Herbs, Perennials Guide to Planting Flowers

Perennial Flower Information

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The home gardener can derive
a genuine pleasure in growing herbs when they supply
so many of one’s wants. This is especially true of a
housewife who has her own kitchen garden.


Borage (Borago officinalis).
The large leaves have a fragrant odor and add greatly
when served with Lettuce in salads. The leaves are sometimes
boiled like Spinach. The flowers are used in cool drinks
and they also attract the bees.

Burnet (Sanguisorba canadensis).
The leaves are used in cool drinks and in flavoring
soups and salads.

Dill (Anethurn graveolens).
The seeds have a pungent odor. Used for flavoring
vinegar to make “dill pickles.”

Fennel, Florence (Faeniculum
The leaf-stalks at the base of the stem
are very large. These are fine in salads, the sweet
flavor somewhat resembling that of Celery.

Fennel, Sweet (Fceniculam
The leaves are beautiful for garnishes;
are also boiled in fish sauces.

Lavender (Lavandula vera).
The leaves and flowers have a delightful perfume
and a small bag of the dried flowers gives the linen
a delicate perfume. Oils are also made from the true

Marjoram, Sweet (Origanum
The leaves and shoots are used for seasoning
and are also dried for Winter use. Mint (Mentha piperita).
The leaves and stems are used for flavoring and
for the distillation of essence of peppermint.

Sage, Common (.Salvia
ofcinalis). The
leaves and tops are used commonly
in the seasoning of the stuffing for fowls and for dressings.

Tarragon, True (Artemisia
The leaves, either fresh or dried,
are used for flavoring soups, pickles and vinegar. The
finely chopped fresh leaves add greatly to salads.

Thyme (Thymus vulgaris).
The leaves are used either fresh or dried for flavorings.
This is also a good edging plant for the garden.


Boneset (Fapatoriurn perfoliatum).
Tea made from the Boneset leaves is used for fever.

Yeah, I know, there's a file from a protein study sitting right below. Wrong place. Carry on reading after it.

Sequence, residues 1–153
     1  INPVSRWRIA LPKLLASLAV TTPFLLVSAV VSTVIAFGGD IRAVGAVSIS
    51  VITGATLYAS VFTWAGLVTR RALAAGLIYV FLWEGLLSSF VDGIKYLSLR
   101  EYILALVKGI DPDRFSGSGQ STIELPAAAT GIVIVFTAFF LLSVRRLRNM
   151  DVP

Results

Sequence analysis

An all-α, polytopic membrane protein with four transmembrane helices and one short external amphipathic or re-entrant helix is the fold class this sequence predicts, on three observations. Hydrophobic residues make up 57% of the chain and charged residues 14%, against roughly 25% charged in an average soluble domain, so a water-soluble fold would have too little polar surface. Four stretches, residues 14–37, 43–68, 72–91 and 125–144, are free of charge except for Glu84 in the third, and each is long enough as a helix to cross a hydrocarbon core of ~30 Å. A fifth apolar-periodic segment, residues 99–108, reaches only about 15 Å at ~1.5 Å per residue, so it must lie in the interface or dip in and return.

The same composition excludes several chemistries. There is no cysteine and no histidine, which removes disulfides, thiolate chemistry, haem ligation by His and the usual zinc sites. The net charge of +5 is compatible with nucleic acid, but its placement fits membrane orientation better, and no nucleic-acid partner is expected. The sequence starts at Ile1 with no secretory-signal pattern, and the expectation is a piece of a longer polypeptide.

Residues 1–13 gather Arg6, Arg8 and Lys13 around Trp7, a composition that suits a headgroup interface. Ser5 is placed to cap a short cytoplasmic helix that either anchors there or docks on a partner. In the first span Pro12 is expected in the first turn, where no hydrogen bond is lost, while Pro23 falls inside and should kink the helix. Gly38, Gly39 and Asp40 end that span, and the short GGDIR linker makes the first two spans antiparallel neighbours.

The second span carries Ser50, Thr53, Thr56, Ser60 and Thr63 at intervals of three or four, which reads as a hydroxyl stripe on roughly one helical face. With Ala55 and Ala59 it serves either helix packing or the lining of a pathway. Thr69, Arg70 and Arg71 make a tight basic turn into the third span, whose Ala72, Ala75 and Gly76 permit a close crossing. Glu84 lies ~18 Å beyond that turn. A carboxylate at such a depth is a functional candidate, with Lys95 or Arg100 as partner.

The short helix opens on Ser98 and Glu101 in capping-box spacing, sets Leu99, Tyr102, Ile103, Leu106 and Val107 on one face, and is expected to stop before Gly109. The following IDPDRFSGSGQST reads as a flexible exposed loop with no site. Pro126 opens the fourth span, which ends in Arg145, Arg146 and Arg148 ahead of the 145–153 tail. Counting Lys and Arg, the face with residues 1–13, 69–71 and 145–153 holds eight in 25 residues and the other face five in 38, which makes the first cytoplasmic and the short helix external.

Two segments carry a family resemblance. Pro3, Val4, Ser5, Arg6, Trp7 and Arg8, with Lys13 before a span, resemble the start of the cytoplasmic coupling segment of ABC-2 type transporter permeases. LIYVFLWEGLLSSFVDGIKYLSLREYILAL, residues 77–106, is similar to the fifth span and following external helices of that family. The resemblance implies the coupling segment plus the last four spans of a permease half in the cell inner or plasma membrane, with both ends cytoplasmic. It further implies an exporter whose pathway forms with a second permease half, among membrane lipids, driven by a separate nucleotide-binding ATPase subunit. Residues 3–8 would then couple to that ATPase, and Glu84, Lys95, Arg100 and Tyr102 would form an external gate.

Catnip (Nepela Cataria).
It is a well established fact that cats delight
in rolling among the leaves. The Catnip is said to be
a good bee pasture.

Feverfew (Chrysanthemum
Parthen iam).
This makes a good blood tonic.

Horehound (Marrubium vulgare).
The leaves are used as a remedy for colds, for dyspepsia,
and also for their tonic effect. Hyssop (Hyssopus ofciaalis).
The leaves and tops are used for Hyssop tea. This
plant is also grown as a pot plant.

Rosemary (Rosmarinus ofcinalis).
Rosemary tea gives relief to headaches.

Tansy (Tanacetum vulgare).
Tansy tea is used against worms and is generally
used in bitters.

Wormwood (Artemisia valgaris).
This is beneficial to poultry and should therefore
be planted in every poultry yard.

GENERAL. All the herbs require
a rather rich garden soil. If they are being grown for
their seeds, the branches should be cut when the seed
is ripe before it has a chance to fall away and scatter.
When dried properly the seed should be stored. The stems
and leaves, if they are to be dried, should be cut on
a bright day when the leaves have matured; then tied
in small bundles, dried quickly in the shade, and hung
in paper bags in the attic until they are needed. They
can also be kept in mason jars or tight fitting boxes.
The roots should be washed thoroughly before drying.
All the herbs except Lavender, Rosemary, Thyme, Sage
and Wormwood, which are of a shrubby nature, should
be cut back to a few inches from the ground and covered
with straw or leaves during the Winter. These few plants
should be cut to within 6 inches of the ground. All
herbs need Winter protection.

PROPAGATION. Most herbs are
easily raised from seed. Tarragon is propagated by division
of the roots. The seed should be sown where the plants
are to remain, and then the small plants can be thinned
out later. It is best to plant them on a dull clay and
water them carefully.

on 75+ Perennials

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